Facebook ex­plored us­ing a fleet of tiny, bird-sized drones to boost mo­bile in­ter­net speeds

Sun.Star Pampanga - - TECHNEWS! -

The se­cre­tive co­de­named ‘Catalina’project was ended a year ago

Facebook has for years ex­plored ways to help im­prove mo­bile con­nec­tiv­ity and bring more of the pop­u­la­tion in de­vel­oped coun­tries get on­line, os­ten­si­bly a hu­man­i­tar­ian effort but more of a thinly veiled ploy to bring more peo­ple into its app ecosystem. That effort’s most vis­i­ble pro­jects have been Facebook’s In­ter­net.org ini­tia­tive, with its Free Ba­sics and Ex­press Wi-Fi of­fer­ings for fast­grow­ing smart­phone markets, and the dis­con­tin­ued Aquila project, which sought to fly large, so­lar-pow­ered drones that could beam down in­ter­net much like Al­pha­bet’s high-fly­ing Loon he­lium bal­loons.

But Facebook was work­ing on an­other method in secret that in­volved much smaller, bird-sized fixed-wing air­craft that could be used to boost smart­phone data speeds, ac­cord­ing to a re­port to­day from Busi­ness In­sider. The project, co­de­named “Catalina” af­ter an is­land off the Southern California coast no­table for once us­ing a car­rier pi­geon network, was dis­con­tin­ued about a year ago, a Facebook spokesper­son con­firmed to BI. But its ex­is­tence il­lus­trates that Facebook was look­ing at con­nec­tiv­ity through a va­ri­ety of lenses.

BI re­ports that the drones would be closer to the size of a spar­row, mak­ing them al­most pocket-sized. The goal would not be to beam down a func­tion­ing in­ter­net con­nec­tion to com­pletely re­mote ar­eas, but in­stead to aug­ment ex­ist­ing, 2G-level con­nec­tions to al­low smart­phone users to stream video and per­form other more data-in­ten­sive tasks. It’s not clear how ex­actly that would have worked. The re­port de­scribes the drones as de­signed to carry “high-den­sity solid state drives... that could then be used to ferry data,” so per­haps the drones would act as a mesh network of sorts be­tween a grounded con­nec­tion and a user’s smart­phone to fa­cil­i­tate high-band­width data t r ans­fer s.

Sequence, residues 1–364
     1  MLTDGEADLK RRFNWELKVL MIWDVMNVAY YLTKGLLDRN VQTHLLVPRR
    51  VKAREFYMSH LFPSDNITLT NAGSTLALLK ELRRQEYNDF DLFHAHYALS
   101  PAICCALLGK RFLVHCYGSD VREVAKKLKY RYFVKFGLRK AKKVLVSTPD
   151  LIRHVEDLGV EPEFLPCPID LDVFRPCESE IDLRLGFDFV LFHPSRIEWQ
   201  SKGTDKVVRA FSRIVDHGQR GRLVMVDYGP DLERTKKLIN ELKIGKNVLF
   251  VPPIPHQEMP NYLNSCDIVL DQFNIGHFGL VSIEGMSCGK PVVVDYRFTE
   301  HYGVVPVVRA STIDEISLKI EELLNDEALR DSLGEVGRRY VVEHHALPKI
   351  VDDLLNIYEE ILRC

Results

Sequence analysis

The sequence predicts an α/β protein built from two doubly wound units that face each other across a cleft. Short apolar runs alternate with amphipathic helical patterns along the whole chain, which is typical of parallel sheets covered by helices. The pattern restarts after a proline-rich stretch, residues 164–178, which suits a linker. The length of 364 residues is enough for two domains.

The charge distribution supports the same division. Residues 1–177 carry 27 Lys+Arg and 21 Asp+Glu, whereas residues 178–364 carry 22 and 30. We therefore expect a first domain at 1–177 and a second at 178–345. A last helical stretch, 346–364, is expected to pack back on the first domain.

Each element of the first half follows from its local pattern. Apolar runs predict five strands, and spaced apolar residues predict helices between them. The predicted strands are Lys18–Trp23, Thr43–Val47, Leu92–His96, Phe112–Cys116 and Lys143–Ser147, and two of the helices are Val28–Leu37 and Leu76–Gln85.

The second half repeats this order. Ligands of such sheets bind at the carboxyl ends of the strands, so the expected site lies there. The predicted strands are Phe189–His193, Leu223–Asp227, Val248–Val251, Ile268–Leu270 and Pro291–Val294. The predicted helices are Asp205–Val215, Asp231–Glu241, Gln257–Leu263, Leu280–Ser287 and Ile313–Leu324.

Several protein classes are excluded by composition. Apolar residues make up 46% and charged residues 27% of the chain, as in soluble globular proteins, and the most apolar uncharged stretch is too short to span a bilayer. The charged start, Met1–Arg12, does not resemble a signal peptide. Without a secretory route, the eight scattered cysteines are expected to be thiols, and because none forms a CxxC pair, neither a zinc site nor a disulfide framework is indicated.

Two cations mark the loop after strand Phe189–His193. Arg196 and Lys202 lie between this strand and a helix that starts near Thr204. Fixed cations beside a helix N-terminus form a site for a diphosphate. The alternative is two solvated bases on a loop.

Re­gard­less, it seems that Facebook moved away from that idea just as it aban­doned the Aquila con­cept. The com­pany isn’t to­tally out of the con­nec­tiv­ity game, though. It still has In­ter­net.org, de­spite the set­backs that or­ga­ni­za­tion has faced in In­dia. And when the Aquila news broke in June 2018, Facebook said it was still work­ing with Air­bus to de­velop bet­ter ver­sions of what are known as high-al­ti­tude plat­form sta­tions, or HAPS, that can be built into air­craft for the purpose of beam­ing down high-speed in­ter­net from low Earth or­bit. At the time, the com­pany also said it was “ac­tively par­tic­i­pat­ing in a num­ber of avi­a­tion ad­vi­sory boards and rule-mak­ing com­mit­tees in the US and in­ter­na­tion­ally.”

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